Find a page, but have no time to read it now? There’s an App for that, and it even lets you read the sites while you’re offline. A pretty handy tool right? Well, Apple’s denied them an update. Version 2.2 of the application won’t be permitted into the App Store for some bizarre reasons which are very suspect.
To start, we should probably list off changes for version 2.2 before we get into too much detail about the rejection. Read It Later 2.2 is going to increase the speed of downloading full websites, revamp the process for sharing (Delicious, Facebook, etc), provide Retina Display support, and fix numerous bugs. If it sounds like your typical point release update, you’re probably right. There’s nothing ground breaking here, just a developer trying to make the current version of his application the best it can be. So why then has Apple rejected the update to the application?
According to the Read It Later team, Apple’s dismissal is for the following reason: “Applications cannot require user registration prior to allowing access to app features and content; such user registration must be optional and tied to account-based functionality.”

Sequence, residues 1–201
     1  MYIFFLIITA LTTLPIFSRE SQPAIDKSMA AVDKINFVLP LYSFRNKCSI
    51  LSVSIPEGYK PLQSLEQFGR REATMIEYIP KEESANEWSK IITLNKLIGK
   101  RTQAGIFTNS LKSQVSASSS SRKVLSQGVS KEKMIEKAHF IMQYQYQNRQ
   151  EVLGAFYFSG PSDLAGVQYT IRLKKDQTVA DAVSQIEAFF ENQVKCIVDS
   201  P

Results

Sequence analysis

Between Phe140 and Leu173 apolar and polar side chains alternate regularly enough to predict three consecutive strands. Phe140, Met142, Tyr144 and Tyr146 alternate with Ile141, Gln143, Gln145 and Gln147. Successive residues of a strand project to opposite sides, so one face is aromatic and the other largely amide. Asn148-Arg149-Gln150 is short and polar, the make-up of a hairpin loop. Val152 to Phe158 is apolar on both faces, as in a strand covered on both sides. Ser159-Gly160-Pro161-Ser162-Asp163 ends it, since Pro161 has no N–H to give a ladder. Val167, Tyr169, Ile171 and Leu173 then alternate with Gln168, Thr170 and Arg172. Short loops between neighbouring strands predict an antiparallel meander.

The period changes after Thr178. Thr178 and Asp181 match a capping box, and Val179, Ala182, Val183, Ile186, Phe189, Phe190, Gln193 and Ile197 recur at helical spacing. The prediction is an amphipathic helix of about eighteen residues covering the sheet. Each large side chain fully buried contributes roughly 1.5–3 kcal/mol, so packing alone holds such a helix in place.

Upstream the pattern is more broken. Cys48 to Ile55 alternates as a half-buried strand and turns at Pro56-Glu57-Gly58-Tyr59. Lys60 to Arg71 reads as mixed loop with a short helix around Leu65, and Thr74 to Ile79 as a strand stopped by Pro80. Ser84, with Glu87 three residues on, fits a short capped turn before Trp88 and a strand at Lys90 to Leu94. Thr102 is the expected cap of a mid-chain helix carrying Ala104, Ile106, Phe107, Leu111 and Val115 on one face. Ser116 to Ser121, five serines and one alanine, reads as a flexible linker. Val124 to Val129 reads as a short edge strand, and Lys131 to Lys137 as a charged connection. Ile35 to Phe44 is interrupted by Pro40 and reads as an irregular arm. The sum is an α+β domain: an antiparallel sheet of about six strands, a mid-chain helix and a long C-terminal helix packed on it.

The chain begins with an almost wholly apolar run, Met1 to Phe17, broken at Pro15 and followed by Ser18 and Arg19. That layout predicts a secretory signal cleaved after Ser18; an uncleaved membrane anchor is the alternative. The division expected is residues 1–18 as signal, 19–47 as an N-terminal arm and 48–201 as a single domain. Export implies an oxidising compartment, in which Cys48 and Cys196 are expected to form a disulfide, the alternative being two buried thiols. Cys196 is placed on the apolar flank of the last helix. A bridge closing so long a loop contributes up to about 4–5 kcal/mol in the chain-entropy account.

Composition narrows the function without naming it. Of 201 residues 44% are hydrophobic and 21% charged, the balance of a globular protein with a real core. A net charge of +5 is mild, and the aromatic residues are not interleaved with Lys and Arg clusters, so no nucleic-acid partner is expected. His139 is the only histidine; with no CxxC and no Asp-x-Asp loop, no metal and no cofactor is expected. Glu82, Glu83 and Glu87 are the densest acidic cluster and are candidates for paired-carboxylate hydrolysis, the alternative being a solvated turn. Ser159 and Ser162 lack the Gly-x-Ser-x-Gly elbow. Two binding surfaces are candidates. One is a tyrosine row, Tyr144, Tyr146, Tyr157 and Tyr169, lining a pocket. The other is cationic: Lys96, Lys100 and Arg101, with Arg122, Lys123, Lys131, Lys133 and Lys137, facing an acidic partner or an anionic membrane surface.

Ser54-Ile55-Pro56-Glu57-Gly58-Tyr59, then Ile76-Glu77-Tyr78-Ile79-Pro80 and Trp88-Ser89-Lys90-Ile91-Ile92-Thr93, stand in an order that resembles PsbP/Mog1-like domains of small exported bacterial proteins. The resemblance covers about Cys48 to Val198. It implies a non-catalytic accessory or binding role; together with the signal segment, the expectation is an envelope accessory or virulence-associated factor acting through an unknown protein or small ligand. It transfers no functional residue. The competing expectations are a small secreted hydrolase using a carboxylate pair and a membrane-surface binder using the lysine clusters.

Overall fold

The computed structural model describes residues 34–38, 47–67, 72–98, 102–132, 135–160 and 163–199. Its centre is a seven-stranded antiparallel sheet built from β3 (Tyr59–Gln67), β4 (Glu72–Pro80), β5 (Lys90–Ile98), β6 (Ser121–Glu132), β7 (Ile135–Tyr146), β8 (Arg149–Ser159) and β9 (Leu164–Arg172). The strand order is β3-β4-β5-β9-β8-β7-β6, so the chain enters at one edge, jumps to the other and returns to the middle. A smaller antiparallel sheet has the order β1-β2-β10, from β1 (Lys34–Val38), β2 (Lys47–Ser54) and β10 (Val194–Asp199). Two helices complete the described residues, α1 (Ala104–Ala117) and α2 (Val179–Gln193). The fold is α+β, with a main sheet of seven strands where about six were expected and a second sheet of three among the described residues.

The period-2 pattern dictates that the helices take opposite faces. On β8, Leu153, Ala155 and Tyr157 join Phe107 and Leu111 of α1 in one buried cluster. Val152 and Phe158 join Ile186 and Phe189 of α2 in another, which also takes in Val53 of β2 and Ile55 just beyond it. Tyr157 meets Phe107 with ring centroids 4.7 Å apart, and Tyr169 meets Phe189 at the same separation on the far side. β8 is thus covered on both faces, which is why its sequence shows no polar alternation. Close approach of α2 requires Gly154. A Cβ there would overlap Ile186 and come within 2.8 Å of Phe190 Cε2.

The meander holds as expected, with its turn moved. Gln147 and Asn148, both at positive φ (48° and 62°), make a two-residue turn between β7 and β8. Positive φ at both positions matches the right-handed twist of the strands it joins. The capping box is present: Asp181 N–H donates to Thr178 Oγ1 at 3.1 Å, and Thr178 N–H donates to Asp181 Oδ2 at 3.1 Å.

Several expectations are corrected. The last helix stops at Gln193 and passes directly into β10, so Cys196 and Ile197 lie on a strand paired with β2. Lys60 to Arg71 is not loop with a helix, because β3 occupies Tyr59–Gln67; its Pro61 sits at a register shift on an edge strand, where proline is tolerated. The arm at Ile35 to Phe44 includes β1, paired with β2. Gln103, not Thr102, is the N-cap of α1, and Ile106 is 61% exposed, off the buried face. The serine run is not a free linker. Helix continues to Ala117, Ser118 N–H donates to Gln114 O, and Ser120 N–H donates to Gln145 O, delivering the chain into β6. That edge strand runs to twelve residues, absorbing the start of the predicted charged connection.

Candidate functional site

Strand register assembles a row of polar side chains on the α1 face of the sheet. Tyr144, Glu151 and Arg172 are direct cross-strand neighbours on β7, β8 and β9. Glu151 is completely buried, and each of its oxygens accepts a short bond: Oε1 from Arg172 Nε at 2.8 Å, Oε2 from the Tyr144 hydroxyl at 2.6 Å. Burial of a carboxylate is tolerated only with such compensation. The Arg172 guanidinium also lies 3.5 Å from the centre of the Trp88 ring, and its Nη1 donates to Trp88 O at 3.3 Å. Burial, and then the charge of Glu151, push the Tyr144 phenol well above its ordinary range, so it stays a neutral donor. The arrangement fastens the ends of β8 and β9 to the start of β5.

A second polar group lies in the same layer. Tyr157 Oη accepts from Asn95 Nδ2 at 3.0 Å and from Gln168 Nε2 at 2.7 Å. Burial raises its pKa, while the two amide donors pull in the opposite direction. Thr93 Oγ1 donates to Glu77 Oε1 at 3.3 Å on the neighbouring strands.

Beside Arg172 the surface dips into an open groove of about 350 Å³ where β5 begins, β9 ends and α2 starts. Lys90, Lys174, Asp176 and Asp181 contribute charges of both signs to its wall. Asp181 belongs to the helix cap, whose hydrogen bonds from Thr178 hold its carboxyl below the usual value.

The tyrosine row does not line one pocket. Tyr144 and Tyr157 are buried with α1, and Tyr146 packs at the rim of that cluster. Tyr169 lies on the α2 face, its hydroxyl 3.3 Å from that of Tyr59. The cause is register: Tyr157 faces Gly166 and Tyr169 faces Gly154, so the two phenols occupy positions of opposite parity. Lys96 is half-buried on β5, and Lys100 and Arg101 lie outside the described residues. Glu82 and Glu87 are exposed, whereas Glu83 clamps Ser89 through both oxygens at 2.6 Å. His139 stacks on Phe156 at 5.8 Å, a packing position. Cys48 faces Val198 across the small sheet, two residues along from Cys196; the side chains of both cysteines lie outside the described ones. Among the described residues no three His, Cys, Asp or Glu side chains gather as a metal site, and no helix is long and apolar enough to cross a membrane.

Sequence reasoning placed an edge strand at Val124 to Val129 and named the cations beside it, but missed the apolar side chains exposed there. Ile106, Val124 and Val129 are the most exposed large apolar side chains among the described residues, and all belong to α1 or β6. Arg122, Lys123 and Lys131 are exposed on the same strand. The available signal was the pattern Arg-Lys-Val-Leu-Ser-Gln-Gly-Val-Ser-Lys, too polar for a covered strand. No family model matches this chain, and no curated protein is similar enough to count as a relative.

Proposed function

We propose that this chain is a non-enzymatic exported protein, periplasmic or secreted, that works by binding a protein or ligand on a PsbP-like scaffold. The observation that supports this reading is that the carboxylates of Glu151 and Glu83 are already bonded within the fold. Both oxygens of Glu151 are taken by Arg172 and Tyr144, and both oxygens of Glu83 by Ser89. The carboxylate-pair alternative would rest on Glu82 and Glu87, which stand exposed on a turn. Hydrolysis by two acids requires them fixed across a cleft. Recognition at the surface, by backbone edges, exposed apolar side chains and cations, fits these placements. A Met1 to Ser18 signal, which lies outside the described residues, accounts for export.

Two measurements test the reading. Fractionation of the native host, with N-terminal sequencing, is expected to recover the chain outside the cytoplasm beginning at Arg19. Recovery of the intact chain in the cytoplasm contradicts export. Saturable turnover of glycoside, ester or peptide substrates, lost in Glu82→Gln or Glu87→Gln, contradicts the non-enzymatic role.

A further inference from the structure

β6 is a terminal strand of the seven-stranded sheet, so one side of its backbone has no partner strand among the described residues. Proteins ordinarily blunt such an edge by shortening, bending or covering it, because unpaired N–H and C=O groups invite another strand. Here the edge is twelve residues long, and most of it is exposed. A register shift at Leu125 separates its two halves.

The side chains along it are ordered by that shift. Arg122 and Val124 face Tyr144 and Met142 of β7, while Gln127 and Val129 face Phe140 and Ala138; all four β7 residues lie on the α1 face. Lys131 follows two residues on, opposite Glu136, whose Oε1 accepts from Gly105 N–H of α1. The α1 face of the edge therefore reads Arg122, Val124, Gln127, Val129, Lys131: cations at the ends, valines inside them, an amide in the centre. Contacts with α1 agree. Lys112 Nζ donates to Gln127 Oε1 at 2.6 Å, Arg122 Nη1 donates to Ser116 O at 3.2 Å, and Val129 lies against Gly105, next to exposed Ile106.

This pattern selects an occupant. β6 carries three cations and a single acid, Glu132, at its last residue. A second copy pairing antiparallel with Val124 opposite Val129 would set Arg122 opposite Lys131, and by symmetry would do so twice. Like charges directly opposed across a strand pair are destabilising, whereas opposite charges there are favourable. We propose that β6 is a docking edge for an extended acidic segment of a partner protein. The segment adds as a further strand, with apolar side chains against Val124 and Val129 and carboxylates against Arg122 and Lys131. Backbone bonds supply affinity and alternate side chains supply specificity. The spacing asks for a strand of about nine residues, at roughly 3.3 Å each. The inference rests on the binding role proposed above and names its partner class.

Now that’s a new one. While the reasoning is a little vague, it seems to us that Apple’s saying that the only time an application can have user registration is if the application requires account-based functionality, and even then it must be optional. Here’s an example of how we understand it: think of it kind of like a forum. A user should be able to use the web forum in all ways possible, without having to login to the service. If a registration should be required, it should only be to change profile settings.
It kind of makes sense, but it’s a little bit late. Twitter, Facebook, and a whole slew of other applications like Evernote do provide an application that works without user registration. So then, why should Read It Later be the one web application that does? Could Read It Later do away with the registration? Probably. Should they have to in order to get on the App Store? No way.
This rejection letter could set a dangerous precedent, and we can’t wait to hear how it plays out between the developer and Apple’s review team. It could get dirty.
If you want to support the developer you can get the Pro version for 4.99 on the App Store.
Article Via Read It Later Blog